Republican leaders have tried to steer lawmakers away from wading into the hot-button debate. But with LGBT issues already boiling in the states, social conservatives seem eager to take up the cause by seeking to attach an array of religious-exemption measures to must-pass spending bills, a move that could seriously gum up the budget process.

Earlier this week, House leaders cautioned Republicans at a closed-door session that Democrats were likely to keep trying to force them into uncomfortable votes on LGBT discrimination, according to aides and members who were present. Ryan floated the idea of modifying House rules in a way that might restrict the number of amendments that could be offered on the floor, which would allow leaders to get out ahead of controversial votes and avoid any potentially embarrassing floor fights.

Democrats, meanwhile, are exploiting the GOP divide.

“Democrats are being given a huge opportunity to put Republicans on the record on issues that alienate most independent, moderate voters,” Rep. Steve Israel (D-N.Y.), a former Democratic Congressional Campaign Committee chairman, said in an interview. “Every time that Republicans give us the opportunity, we’re going to take it.”

Conflict erupted in the House on May 19 after Republican leaders successfully whipped their members to vote down a Democratic amendment. The amendment would have protected presidential executive orders on non-discrimination for LGBT contractors. (Thomas Johnson/The Washington Post)

But some Republicans are undeterred, with Rep. Trent Franks (R-Ariz.) saying,  “If they drive the bulldozer at us, we have to push back.”

The GOP leadership is trying to “thread the needle,” as aides put it, between conservatives itching for another chance to challenge Obama and those who don’t want to tackle an issue they think is best left for the states to resolve. But that is not an easy task, since Republicans disagree on whether LGBT rights should be protected at all.

“There’s a claim of discrimination, and I don’t think we’ve had the debate,” said Rep. Dave Brat (R-Va.). “Is there another set or class of rights that need to be defined in law?”

Brat was one of several Republicans who said the bathroom guidelines were another example of Obama overstepping his executive authority by wading into everything from environmental policy to immigration.

“We’re going to begin, as appropriate, to challenge these formulations of federal policy that are really changing the fabric of business in this country,” said the House Rules Committee chairman, Rep. Pete Sessions (R-Tex.).

Democrats want to draw attention to the GOP infighting. Maloney’s measure prompted an emotional and testy shouting match on the House floor before its failure last week. The Democrat revived the measure on Wednesday night and it passed with 43 Republicans aboard.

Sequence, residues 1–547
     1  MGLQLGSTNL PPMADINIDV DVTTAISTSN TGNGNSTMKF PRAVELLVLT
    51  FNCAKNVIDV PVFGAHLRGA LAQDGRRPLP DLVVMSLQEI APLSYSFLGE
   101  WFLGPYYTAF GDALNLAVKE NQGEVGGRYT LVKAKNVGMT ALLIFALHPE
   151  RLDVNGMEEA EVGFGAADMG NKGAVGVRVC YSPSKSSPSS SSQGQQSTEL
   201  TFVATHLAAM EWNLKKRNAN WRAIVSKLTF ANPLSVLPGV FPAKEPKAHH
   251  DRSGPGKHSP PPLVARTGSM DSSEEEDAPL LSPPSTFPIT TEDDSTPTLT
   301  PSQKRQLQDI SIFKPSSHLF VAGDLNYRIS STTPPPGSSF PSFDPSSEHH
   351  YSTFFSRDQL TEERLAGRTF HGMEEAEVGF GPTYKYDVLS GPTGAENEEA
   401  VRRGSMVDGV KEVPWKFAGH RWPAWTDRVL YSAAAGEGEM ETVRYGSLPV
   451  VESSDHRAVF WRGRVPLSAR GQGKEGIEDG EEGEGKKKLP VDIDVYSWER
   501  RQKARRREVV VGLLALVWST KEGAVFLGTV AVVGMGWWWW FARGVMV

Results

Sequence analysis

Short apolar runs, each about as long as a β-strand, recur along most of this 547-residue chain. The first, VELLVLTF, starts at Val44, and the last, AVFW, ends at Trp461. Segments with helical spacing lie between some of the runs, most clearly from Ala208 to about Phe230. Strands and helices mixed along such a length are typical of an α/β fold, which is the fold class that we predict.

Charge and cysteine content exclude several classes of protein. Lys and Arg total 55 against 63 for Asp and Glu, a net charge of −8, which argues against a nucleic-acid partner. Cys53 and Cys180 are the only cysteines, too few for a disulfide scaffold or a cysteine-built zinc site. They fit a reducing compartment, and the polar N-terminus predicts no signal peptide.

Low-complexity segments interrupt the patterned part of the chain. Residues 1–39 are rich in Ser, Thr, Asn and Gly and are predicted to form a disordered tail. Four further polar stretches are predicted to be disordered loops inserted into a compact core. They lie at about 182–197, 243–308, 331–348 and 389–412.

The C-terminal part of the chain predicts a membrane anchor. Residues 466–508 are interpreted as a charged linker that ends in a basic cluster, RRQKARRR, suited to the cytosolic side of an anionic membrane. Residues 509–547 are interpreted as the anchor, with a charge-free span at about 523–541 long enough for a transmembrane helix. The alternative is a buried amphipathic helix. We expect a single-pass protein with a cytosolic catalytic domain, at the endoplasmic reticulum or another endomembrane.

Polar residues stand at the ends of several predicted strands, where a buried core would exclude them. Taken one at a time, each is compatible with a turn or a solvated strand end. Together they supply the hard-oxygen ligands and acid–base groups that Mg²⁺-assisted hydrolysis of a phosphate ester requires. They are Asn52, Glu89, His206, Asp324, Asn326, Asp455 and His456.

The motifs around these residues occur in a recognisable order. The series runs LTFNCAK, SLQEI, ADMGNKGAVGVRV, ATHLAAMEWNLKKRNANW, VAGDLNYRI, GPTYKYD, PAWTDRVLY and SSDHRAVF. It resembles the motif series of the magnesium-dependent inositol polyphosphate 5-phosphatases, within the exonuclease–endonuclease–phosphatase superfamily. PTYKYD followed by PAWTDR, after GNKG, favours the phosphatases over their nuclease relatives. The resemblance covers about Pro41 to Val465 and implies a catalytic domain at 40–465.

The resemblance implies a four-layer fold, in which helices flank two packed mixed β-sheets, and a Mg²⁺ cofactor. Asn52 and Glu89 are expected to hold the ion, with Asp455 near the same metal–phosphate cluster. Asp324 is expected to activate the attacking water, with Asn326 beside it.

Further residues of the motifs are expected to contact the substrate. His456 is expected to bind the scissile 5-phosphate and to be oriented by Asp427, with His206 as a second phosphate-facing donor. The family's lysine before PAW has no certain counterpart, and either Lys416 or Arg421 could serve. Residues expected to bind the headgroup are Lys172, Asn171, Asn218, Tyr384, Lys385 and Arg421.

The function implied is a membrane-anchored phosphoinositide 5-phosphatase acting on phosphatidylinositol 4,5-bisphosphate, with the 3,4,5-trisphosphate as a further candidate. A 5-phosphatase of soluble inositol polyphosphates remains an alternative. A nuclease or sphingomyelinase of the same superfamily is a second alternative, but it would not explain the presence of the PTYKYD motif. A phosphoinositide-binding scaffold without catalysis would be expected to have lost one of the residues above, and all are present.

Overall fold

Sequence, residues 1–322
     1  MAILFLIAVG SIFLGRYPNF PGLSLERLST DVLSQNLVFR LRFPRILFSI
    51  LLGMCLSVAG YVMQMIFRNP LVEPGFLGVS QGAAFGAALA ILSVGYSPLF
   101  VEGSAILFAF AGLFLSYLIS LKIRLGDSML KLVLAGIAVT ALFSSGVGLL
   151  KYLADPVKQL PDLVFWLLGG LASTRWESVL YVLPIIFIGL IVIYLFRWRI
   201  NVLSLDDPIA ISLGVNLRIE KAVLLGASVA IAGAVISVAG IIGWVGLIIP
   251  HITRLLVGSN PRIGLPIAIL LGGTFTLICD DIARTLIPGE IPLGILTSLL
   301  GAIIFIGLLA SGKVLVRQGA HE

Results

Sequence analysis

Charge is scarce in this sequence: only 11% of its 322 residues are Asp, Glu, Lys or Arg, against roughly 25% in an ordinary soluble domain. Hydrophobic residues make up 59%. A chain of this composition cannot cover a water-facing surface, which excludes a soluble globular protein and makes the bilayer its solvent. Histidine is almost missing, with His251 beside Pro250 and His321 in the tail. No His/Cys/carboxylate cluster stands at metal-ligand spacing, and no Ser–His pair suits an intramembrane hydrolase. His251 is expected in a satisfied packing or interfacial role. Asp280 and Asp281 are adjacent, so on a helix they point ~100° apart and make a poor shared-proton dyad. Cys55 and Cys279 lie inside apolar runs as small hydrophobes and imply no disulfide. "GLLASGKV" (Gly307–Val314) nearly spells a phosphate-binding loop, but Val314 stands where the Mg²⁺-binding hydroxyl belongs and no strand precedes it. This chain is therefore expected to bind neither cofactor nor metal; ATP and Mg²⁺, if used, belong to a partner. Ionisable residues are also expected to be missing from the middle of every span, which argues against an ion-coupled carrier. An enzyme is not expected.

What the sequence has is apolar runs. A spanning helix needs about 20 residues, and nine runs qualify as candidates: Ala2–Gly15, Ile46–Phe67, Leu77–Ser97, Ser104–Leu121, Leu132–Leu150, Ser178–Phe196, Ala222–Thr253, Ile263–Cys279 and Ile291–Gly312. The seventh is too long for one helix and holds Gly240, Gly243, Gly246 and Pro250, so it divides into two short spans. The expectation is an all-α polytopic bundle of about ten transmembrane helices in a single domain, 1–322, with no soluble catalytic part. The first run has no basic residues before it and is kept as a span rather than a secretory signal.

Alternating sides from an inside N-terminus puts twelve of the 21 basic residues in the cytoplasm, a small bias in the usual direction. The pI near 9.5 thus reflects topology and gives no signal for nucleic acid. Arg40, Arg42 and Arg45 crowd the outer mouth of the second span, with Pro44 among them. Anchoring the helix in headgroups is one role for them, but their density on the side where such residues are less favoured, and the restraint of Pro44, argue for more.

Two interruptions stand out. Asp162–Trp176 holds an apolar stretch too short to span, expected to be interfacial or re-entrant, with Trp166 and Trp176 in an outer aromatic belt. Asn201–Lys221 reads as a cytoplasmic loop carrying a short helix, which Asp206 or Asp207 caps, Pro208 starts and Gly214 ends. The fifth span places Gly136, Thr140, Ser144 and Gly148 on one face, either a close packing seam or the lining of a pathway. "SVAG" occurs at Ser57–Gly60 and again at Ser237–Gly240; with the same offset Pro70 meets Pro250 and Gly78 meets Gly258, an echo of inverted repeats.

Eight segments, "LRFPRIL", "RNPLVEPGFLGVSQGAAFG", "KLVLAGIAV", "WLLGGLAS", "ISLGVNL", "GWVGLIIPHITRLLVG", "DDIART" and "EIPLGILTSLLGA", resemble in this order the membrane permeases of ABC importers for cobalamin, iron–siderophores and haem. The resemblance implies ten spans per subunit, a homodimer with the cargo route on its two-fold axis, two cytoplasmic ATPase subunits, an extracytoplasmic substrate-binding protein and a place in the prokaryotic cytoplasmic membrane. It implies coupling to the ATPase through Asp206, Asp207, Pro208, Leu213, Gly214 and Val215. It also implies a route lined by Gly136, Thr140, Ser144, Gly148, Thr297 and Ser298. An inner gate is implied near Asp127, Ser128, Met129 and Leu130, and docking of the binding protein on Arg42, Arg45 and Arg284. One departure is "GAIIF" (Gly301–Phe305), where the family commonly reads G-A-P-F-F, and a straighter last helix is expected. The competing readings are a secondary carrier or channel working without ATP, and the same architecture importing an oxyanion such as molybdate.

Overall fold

Democrats see LGBT rights as a prime opportunity to prove that House Republicans are intolerant of minorities. The message fits with a broader effort to cast all Republicans as part of a party that has embraced Trump’s brash rhetoric about immigrants and Muslims.

“The question [Republicans] have to ask is if they want to align themselves with Trump and the states who want to go backwards,” Maloney said in an interview. “There is a majority the House of Representatives right now to oppose discrimination in the workplace.”

Democrats accused seven Republicans of switching their votes on the Maloney measure last week, causing an uproar after the bill seemed to have passed.

“We have more than enough votes,” Maloney said. “We actually won the vote even with some Democrats missing last week — the issue is that they rigged the vote.”

Ryan told reporters on Wednesday that the breakdown — in which Democrats shouted “Shame! Shame!” across the aisle at their GOP colleagues — was just a misunderstanding.

“A bunch of members were misled as to what the amendment was or was not,” Ryan said. “A lot of people thought it was about bathrooms and guidance letters. . . . There was a real concern that this was going to jeopardize critical funding for our veterans administration and the military.”

The situation resembles last year’s debate over the Confederate flag that dragged the spending process to a halt.

[House takes action against Confederate flag]

Then, Democrats successfully rallied support from moderate Republicans to ban the flag on federal property. Southern Republicans were enraged and threatened to vote against the overall bill, forcing then-House Speaker John A. Boehner (R-Ohio) to give up on the entire appropriations process to avoid an embarrassing failure.

Mike DeBonis and Karoun Demirjian contributed to this report.